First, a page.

"All growed up and a Jedi. I admit, I didn't see that coming - though I always hoped you'd get off that rock."

    "Yes, well...I should...go meditate..." Teizi was backpedalling out of the conversation as well as the kitchen, though not quickly enough to avoid the arrival of Dallyn. The padawan was bright-eyed and clearly curious. Before she could stop him, he was entering the kitchen and making himself at home at the stove next to Neva.

    "Hi! I'm Dallyn. You knew my master before she was a Jedi?" He purposely kept his back toward Teizi because he knew exactly what he'd find if he looked. At least, he thought he'd find a stern visage and a no-nonsense attitude about hassling a person he'd just met. If he had turned around, he might have thought twice about pursuing his line of questioning. Teizi looked like someone had a blaster held to her temple.

    Neva made some space for the padawan and chuckled at his brief introduction. Kids. "Sure did. She was a little younger than you when we met. I am pretty sure I was the first zabrak she ever saw. Ha! That was a fun day." As she turned her head to better see Dallyn's face, she caught Teizi's stare out of the corner of her eye. It took her by surprise as she couldn't fathom what the problem might be. It's not like she was going to tell an embarrassing story or anything. Pausing in what was going to be a grand tale, she turned toward the Jedi.

    "What? You tell him you sprouted full grown out of a pumpkin patch or something?"

    "Of course not." Teizi sputtered, taken aback despite all the effort she'd put into making her disapproval known. "It's just...the past should stay there."

    Oblivious the the seriousness of the situation, Dallyn piped up, "But master, you say we should learn from the past so we don't repeat the mistakes made in history!" He was startled by Neva's elbow in his side and looked at her before turning around. Teizi didn't meet his eyes before turning on her heel and making a line for the door, not taking the time to say hello to any fresh faces on her way out.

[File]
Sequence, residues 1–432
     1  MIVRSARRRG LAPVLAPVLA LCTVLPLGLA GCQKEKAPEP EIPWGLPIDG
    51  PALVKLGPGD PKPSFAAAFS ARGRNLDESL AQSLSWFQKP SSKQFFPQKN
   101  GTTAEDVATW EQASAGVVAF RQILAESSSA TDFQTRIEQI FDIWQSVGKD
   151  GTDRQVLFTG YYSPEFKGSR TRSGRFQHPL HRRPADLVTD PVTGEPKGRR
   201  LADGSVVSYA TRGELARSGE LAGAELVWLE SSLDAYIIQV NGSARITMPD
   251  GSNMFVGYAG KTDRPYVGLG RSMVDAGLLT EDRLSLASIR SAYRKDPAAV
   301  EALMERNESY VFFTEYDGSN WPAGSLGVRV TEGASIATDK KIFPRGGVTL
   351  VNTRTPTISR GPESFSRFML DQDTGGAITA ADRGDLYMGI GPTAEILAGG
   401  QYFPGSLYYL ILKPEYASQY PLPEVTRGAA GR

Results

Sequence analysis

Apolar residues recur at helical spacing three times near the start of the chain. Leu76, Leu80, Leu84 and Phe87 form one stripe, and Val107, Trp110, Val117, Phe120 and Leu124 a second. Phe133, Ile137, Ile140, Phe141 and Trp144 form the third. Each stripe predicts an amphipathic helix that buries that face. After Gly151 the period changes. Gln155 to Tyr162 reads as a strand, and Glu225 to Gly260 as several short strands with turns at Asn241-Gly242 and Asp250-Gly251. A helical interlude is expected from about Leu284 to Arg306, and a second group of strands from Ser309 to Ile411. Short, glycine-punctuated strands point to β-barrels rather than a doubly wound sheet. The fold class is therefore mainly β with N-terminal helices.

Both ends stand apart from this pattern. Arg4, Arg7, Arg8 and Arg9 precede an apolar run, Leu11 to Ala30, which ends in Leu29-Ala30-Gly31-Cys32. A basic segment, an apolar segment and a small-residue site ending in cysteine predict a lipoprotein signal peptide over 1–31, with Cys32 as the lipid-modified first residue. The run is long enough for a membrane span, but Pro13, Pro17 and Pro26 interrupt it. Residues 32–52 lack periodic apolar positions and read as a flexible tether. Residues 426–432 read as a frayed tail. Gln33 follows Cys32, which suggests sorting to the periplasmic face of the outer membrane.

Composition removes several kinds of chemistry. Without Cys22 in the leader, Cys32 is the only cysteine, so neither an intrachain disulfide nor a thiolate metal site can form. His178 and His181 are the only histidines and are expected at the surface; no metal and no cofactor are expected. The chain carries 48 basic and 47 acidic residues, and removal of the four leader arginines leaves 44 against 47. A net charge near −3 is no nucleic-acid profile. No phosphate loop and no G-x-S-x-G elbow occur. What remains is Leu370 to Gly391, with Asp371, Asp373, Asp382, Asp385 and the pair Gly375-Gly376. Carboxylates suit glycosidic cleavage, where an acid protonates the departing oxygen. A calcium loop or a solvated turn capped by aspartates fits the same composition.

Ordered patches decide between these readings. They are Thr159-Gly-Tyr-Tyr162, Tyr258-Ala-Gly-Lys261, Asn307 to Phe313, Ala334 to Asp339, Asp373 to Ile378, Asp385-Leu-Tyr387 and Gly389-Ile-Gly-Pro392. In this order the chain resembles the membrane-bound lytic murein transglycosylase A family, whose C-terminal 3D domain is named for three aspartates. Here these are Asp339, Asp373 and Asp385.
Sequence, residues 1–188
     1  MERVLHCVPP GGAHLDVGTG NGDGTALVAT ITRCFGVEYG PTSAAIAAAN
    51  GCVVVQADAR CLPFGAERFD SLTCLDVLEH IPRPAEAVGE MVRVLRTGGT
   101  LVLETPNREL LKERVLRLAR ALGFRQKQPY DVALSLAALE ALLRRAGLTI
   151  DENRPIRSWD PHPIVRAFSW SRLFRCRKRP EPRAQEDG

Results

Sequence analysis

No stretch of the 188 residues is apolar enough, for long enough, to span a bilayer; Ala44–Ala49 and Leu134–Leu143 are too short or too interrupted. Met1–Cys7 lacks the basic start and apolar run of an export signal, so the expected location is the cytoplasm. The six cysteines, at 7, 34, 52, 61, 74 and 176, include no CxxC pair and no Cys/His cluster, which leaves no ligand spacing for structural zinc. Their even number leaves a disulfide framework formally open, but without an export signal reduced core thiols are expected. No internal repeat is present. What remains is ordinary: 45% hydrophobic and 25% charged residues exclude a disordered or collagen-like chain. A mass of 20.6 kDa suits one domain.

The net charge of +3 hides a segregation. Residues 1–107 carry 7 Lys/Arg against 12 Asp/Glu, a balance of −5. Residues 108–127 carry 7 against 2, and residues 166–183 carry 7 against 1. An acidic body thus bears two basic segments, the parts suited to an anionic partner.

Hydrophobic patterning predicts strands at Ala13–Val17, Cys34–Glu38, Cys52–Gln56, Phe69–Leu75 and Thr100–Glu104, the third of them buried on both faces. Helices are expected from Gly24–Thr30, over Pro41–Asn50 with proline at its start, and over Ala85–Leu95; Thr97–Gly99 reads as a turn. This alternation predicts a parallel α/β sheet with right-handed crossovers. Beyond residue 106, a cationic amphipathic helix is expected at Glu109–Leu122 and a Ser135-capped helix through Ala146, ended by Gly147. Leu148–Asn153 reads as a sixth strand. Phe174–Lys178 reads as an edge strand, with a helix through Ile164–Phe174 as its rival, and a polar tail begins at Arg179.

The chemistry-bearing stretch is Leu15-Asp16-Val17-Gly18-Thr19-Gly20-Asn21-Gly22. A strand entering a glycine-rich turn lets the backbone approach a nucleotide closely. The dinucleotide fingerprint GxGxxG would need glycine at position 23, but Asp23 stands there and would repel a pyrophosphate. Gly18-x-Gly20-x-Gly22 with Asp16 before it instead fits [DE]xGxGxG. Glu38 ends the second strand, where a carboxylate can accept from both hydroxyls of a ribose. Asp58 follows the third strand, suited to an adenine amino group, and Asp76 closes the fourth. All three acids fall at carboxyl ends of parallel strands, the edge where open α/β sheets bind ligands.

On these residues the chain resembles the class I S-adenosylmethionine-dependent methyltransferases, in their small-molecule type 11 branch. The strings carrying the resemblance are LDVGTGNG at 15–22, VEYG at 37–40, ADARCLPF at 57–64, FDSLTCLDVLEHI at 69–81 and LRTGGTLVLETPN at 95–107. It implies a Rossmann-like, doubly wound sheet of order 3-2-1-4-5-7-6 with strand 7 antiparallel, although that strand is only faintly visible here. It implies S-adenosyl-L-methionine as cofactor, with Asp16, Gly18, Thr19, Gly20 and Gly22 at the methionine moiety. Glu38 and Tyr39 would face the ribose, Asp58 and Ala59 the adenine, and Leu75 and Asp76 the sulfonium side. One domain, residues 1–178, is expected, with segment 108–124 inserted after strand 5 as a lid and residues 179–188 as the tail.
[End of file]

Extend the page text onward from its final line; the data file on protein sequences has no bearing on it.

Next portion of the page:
"Some other time, kid." Neva didn't know what all that was about, but if Teizi didn't want her talking about her roots, she certainly wasn't going to blab about it when she wasn't there. There wasn't anything she could do about what she didn't know anything about, so she shrugged at Siralai and held out a cup, "Caf?"

  4. #164
    Siralai Mahr

    "Dallyn, remember that Jedi are only human," Siralai said gently. "We have our wounds, too. Try to be understanding of your master's."

    She didn't follow Teizi, or otherwise attempt to intervene. It wasn't that she didn't care. She was concerned - but as she had told Dallyn, not every scar needed to be prodded. Not every memory needed to be pried into, at least not when it felt so sore. Siralai thought the best remedy for Teizi was space, and time to recover herself.

    "Yes," she replied gratefully to Neva. "I could very much use some caf."

    She spent some blissful time relaxing with her family - happy to be back with her children, and with Trystan - then went to bring Reyth and Arksynn their morning meal.

  5. #165
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    Dallyn

    Why was it that every time he tried to understand his master, he ended up further from his goal? He knew that Jedi were to eschew emotion, but did that really mean that they had to also lose all sense of personality? Of self? Because that was what it was starting to feel like. If this was what it took to be Jedi...could he do it? Did he want to?

    He managed to nod his assent, but the excitement for the day was dampened. If he wasn't allowed to feel joy or pride in his work, then what was the point?

    Reyth and Arksynn

    It was nice. Waking up in his embrace. Just...waking up for no particular reason. That alone was something Reyth hadn't experienced for a very long time. She allowed herself to bask in the temporary bliss - it certainly was temporary - nothing good ever lasted for long. Arksynn stirred, nuzzling her head and holding her a little closer. A silent sigh was her reply.

    The simple state of just 'being' didn't last long, as predicted. Arksynn roused himself and immediately poked at her leftover stew. Being in a reasonable mood, she let him have it. There was no avoiding it now - they were awake - the Jedi was gone - and the problems of the day seemed to seep into her bones through the floor. What were they going to do? Going back to Dromund Kaas after Arksynn went in there with a troupe of Jedi to kill some Sith and free some useless Republic prisoners was not going to happen. He'd be thrown in jail, if he was lucky. Public execution if he wasn't. Even if that wasn't the case, how would they get a new lord to take them on as apprentices? Everyone knew they'd been Lord Anewe's...and even though Reyth knew they were pretty sheltered, it was still obvious to her that no one liked their master.